Jessica Alba does it. Miranda Kerr does it. Gwyneth Paltrow wrote a cookbook about it. “Clean eating” has picked up steam in the past few years as the healthy eating plan du jour. But just like any health trend, its meteoric rise has been countered by naysayers, who say it is unsustainable at best and dangerous at worse. In fact, the British Dietetic Association identified “clean eating” as its number one “worst celebrity diet[s] to avoid.” Whoa. But what’s so bad about incorporating more salads and veggies into your diet? It seems harmless…right?
Well, first, let’s define—or attempt to define—clean eating. At its simplest, clean eating is about consuming nothing but “whole” or “unprocessed” foods. Keri Glassman, a registered dietitian nutritionist and the founder of Nutritious Life, describes it like this: “[Eating] whole, real, unprocessed foods as often as possible. In other words, naturally nutrient-dense foods. It is mostly plant-based by default.” But that’s a pretty broad answer, no? The problem with clean eating, it seems, lies in its ambiguity. Sure, lots of people have a healthy version of eating clean, but because there’s no set definition, it’s easy for some dieters to take it too far (just like another food trend that’s become popular recently, intermittent fasting).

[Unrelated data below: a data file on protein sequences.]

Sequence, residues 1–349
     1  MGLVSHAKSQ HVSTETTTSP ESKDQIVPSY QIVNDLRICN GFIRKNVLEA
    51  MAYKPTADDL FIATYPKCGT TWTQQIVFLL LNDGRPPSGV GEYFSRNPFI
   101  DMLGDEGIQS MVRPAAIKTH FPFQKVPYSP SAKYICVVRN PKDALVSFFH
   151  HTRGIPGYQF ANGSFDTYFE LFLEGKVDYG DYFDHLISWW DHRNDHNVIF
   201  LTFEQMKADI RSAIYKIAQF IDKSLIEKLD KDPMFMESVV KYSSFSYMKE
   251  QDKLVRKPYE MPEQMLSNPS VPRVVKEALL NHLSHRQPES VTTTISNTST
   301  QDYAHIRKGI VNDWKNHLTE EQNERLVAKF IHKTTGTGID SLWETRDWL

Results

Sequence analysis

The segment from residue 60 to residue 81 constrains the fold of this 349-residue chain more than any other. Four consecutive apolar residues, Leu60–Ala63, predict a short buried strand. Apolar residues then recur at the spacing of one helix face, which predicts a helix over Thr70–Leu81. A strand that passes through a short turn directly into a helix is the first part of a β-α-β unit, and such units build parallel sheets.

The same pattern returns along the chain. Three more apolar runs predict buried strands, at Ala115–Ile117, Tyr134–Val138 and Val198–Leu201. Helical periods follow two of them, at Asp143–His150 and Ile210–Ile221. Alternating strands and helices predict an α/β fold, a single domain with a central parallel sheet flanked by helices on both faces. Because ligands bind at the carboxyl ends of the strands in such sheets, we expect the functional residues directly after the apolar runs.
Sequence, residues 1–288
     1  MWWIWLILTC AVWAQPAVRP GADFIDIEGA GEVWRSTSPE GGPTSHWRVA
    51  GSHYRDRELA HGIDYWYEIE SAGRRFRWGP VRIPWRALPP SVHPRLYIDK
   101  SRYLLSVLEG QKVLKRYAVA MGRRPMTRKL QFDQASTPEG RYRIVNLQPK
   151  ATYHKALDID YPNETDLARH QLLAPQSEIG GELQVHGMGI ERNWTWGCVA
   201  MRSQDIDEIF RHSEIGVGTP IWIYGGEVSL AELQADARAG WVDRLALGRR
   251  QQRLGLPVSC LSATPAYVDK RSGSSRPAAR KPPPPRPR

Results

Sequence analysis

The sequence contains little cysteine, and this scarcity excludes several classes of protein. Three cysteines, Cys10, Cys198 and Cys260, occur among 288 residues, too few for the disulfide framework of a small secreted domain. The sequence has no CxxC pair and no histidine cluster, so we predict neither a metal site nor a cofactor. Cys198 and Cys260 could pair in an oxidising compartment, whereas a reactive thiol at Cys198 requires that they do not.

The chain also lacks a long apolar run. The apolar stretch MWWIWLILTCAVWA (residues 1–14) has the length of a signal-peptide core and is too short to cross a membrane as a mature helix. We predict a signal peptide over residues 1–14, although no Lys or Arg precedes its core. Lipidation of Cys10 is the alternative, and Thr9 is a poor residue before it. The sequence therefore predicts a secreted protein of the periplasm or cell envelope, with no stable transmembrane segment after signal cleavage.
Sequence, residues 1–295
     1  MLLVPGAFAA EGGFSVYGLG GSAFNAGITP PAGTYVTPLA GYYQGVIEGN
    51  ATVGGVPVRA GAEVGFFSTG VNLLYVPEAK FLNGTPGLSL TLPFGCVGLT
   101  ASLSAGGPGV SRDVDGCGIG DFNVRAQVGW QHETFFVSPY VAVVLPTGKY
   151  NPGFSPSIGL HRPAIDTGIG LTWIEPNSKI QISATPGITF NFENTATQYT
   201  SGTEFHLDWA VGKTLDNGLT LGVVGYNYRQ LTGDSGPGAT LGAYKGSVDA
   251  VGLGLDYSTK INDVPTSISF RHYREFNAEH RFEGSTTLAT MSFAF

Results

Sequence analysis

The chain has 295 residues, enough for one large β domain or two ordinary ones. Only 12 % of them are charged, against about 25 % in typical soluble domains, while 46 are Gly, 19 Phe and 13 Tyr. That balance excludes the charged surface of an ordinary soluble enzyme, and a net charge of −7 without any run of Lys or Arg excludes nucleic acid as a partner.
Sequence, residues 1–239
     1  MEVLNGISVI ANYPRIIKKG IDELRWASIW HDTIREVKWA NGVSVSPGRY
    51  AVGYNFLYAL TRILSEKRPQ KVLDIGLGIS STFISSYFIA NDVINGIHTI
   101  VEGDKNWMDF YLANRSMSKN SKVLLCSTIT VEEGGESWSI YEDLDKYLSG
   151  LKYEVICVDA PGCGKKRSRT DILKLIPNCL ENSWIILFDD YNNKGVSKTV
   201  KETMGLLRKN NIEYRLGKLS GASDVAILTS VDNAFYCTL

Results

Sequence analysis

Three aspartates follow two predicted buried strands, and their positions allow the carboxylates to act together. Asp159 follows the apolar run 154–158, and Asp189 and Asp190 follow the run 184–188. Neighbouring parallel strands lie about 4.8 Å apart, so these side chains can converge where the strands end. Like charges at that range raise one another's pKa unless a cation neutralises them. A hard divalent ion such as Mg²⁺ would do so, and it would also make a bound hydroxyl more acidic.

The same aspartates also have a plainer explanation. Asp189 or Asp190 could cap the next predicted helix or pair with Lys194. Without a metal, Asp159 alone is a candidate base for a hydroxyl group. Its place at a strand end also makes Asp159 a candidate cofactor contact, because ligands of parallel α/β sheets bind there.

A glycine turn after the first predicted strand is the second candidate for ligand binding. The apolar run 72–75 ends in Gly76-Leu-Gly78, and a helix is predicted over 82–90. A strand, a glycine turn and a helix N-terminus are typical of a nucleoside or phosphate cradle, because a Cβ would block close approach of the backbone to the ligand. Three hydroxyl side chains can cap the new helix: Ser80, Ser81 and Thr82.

So what does it look like when clean eating goes wrong? On a basic level, thinking of food as the enemy takes the joy out of an activity that should be pleasurable. It can also, more seriously, lead to disordered eating behaviors. Even diets that are marketed as healthy or wellness-focused could cause a fairly new type of eating disorder, orthorexia.
Wait, what’s orthorexia? According to the National Eating Disorder Association, “The term ‘orthorexia’ was coined in 1998 and means an obsession with proper or ‘healthful’ eating. Although being aware of and concerned with the nutritional quality of the food you eat isn’t a problem in and of itself, people with orthorexia become so fixated on so-called ‘healthy eating’ that they actually damage their own well-being.” When clean eating turns into a preoccupation, that’s when things can get dangerous.